Now we want to finish our feature.  I’m not using the rebase option here, because I didn’t have other branches outstanding.  But I imagine you could use it if warranted.  I have to admit, I’m not sure if that would complicate the solution to the bad day scenario.

$ git flow feature finish fixSnapMultipleSteps 
Branches 'feature/fixSnapMultipleSteps' and 'origin/feature/fixSnapMultipleSteps' have diverged.
And local branch 'feature/fixSnapMultipleSteps' is ahead of 'origin/feature/fixSnapMultipleSteps'.
Switched to branch 'develop'
Your branch is up-to-date with 'origin/develop'.
Merge made by the 'recursive' strategy.
...
warning: not deleting branch 'feature/fixSnapMultipleSteps' that is not yet merged to
 'refs/remotes/origin/feature/fixSnapMultipleSteps', even though it is merged to HEAD.
error: The branch 'feature/fixSnapMultipleSteps' is not fully merged.
If you are sure you want to delete it, run 'git branch -D feature/fixSnapMultipleSteps'.

Oh no.  Warning and error.

Turns out that this hasn’t caused any real problem, but will require a little fixing up to make it right.  Remember, though: this assumes everyone else is standing idly by waiting for you to finish the feature.

Here is what we have now:

Screenshot from 2015-04-01 17:27:33

Notice the feature branches still there both locally and on the origin.

To fix:

$ git branch -D feature/fixSnapMultipleSteps
Deleted branch feature/fixSnapMultipleSteps (was 2e4e213).
$ git push origin :feature/fixSnapMultipleSteps
To /users/fbicknel/gitbundles/t/../o/dbbsbundletest/
 - [deleted] feature/fixSnapMultipleSteps
$

Now everything lines up.  If we had pushed before we finished, this all wouldn’t have happened.  I did it here just to show that it’s relatively benign.

Screenshot from 2015-04-01 17:31:08

After all that, be sure to push the new develop branch:

$ git push origin develop
Counting objects: 172, done.
Delta compression using up to 24 threads.
...
 3b5a423..33d7260 develop -> develop
$

Final result:

Screenshot from 2015-04-01 17:34:43

git Rebasing develop branch

git rebase features after the develop branch moves forward

More wondering about git rebase vs git merge.  I have come to the conclusion that git rebase beats git merge specifically when you have a feature branch sticking out of the tree somewhere and you want to pluck it off and move it to the top of the tree when a round of development has completed.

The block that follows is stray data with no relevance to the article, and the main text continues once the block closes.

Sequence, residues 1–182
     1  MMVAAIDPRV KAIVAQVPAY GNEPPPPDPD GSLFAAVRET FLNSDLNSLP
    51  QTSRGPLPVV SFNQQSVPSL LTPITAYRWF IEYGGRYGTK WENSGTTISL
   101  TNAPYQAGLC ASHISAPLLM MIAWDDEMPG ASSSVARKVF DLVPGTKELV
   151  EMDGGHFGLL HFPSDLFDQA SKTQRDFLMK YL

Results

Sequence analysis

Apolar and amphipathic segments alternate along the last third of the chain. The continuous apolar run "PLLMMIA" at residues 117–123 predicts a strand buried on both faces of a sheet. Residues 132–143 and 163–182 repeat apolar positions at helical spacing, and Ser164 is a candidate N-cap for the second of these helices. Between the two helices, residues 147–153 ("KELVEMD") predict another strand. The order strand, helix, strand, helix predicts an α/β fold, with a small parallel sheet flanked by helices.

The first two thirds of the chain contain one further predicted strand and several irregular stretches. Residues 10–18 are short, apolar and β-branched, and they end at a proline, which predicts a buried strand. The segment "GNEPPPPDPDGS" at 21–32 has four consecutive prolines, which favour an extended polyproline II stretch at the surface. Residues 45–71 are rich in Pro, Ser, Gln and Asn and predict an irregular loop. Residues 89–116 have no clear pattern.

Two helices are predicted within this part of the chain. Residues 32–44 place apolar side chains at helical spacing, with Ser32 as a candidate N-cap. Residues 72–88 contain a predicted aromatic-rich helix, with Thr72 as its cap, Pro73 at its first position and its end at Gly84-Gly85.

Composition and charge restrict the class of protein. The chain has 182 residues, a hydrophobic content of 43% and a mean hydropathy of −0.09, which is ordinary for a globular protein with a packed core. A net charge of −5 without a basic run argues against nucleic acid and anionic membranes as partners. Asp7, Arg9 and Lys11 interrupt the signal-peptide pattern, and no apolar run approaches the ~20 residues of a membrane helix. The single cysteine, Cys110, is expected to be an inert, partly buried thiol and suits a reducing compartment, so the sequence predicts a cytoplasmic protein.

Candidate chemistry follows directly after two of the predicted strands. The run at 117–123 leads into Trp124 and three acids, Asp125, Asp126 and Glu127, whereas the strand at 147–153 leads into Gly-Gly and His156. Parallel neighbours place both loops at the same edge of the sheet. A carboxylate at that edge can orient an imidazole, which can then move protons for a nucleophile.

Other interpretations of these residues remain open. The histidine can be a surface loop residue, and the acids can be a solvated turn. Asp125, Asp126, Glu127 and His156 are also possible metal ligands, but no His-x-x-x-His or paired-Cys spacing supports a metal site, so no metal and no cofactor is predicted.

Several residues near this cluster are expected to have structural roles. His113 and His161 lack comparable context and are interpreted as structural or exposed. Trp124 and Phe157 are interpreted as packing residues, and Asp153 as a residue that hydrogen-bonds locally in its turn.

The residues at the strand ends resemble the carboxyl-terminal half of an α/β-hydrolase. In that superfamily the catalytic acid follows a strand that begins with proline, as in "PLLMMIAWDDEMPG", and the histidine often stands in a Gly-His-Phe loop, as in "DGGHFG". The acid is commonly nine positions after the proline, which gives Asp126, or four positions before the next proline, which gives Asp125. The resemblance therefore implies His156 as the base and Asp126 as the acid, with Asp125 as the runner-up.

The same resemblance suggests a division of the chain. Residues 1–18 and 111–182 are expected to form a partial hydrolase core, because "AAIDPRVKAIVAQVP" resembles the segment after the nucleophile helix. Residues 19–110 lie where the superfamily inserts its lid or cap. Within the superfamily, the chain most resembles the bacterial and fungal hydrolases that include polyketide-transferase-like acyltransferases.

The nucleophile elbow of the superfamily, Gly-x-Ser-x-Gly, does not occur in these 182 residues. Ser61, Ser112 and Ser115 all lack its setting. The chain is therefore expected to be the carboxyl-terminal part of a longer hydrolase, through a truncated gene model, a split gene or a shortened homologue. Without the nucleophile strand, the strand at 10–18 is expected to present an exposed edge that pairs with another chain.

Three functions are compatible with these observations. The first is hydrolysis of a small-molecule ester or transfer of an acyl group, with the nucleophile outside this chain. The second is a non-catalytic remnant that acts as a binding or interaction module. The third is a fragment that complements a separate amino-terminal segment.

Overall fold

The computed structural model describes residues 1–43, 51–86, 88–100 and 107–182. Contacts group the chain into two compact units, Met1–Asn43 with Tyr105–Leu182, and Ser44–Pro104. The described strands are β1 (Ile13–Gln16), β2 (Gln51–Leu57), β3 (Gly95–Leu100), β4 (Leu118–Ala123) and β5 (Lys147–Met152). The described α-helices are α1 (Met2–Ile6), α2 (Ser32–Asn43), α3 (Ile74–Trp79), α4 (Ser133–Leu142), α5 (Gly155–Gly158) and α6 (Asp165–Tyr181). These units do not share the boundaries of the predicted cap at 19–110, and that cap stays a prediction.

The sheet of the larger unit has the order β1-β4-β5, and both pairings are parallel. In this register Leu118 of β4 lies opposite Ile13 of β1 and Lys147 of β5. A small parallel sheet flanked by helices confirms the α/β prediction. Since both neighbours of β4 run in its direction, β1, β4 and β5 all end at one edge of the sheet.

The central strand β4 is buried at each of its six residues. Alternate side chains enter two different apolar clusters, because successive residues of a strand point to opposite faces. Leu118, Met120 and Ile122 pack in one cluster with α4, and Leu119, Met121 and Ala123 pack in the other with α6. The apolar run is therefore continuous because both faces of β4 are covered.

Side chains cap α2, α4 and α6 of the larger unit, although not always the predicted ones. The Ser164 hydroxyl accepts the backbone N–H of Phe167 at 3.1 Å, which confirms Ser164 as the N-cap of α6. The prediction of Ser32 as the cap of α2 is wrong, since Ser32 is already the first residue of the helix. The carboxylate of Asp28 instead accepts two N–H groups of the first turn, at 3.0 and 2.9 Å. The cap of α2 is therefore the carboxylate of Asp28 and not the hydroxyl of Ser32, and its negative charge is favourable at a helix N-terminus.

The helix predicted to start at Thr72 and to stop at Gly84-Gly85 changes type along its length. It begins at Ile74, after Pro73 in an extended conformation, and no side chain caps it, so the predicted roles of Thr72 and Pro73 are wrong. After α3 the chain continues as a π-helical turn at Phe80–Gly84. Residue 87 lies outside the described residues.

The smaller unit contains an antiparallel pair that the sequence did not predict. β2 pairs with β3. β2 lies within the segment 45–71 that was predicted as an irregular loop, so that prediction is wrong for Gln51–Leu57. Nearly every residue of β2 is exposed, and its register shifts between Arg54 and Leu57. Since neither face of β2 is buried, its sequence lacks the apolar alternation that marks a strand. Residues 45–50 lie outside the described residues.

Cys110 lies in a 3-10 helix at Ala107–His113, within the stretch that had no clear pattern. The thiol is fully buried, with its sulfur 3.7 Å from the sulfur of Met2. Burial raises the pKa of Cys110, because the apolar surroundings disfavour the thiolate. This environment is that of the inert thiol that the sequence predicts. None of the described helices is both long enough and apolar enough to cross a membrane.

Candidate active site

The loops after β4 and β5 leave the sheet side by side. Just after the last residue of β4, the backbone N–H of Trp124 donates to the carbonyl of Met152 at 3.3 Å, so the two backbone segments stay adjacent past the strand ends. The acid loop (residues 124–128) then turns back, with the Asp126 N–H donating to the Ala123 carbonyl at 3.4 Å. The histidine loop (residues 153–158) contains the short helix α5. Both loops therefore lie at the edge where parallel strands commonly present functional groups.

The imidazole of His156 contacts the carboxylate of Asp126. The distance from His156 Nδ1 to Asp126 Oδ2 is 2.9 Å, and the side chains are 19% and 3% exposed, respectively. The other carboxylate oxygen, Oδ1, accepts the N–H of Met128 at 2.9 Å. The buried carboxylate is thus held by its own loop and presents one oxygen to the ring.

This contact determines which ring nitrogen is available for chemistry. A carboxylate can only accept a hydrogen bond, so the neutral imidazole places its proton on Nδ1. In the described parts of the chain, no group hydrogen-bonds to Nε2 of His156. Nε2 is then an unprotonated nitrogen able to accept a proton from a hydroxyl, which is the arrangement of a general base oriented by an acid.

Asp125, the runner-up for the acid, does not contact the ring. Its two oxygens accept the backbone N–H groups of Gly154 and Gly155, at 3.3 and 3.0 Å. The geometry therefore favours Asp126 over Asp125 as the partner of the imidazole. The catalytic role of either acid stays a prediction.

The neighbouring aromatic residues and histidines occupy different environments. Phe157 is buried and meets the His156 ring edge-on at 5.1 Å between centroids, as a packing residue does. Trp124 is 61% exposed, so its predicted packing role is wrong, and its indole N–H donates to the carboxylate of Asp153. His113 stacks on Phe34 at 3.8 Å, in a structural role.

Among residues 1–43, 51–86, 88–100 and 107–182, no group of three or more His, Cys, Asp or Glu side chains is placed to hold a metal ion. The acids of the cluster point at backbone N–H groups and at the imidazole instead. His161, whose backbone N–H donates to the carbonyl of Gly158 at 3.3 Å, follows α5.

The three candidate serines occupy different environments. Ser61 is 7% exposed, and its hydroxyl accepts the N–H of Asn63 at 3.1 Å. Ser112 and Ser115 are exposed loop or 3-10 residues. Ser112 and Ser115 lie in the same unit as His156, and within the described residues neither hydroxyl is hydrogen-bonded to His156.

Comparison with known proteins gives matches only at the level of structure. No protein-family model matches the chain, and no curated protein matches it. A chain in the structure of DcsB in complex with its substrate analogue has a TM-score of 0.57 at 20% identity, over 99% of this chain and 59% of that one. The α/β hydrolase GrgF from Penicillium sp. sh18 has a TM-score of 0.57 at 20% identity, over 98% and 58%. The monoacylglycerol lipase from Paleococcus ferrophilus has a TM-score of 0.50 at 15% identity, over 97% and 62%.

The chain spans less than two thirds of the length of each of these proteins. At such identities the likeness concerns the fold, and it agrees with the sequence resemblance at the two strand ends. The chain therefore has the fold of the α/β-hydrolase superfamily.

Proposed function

Examples abound, but here’s my simple one:

A -> B -> C -> D -> K "develop"
           \-> E -> F  "feature"

Presumably, you’ve merged some other unshown feature into “develop” (commit K), but you’re not yet finished working on “feature”.  You do want to get the benefits of commits D and K from develop into your feature (if for no other reason than testing them with your changes).  You could merge develop onto your feature branch, but a better way is to move the feature branch under construction to the tip of the develop branch, like this:

A -> B -> C -> D -> K "develop"
                     \-> E' -> F'  "feature"

Now your “feature” branch has all the changes that you worked hard on in commits C, D, and K (as well as the ones from the other feature not shown that led up to commit K).

For a real-world example, I provide these two images representing a starting point.

Screenshot from 2015-03-17 16:47:50

Screenshot from 2015-03-17 16:48:20

The first image is at the tip of the commits (develop has been merged).  The second image shows the feature (called FixNotifyInsideConfigBug) that we want to move.  We’re still working on this feature.

The commands issued were:

Screenshot from 2015-03-17 16:55:14

And this is the result:

Screenshot from 2015-03-17 16:55:28

Summary

Maybe I would feel differently if the branch were more complex (but I don’t think so).  I think the desired mode is to merge into develop.  If a feature branch gets split into multiple forks; perhaps to tackle the feature in smaller pieces, then probably merging those multiple forks seems in order.

But when a feature has been finished and merged into develop, this moves develop ahead of other features.  Those features may wish to keep up with changes to develop.  My recommendation is to not merge develop into those open feature branches.  Instead, rebasing your feature onto the new develop branch tip seems more straightforward.

git rebase features after the develop branch moves forward

Git rebase vs. merge with git flow

So I got to wondering what the result would be if I rebased git-flow finished features instead of merging them as I have been for so long.

So here’s what things look like when 3 features are rebased (git flow feature finish -r F[1-3]):

git flow feature finish -r F3
git flow feature finish -r F3

 

 

 

 

 

 

 

 

And here’s what it looks like merged:

git flow feature finish F3
git flow feature finish F3

 

 

 

 

 

 

 

 

Note that features 1 and 2 were both rebased in both examples to avoid (at least some) confusion.

The rebase does come out looking neater, doesn’t it?

Git rebase vs. merge with git flow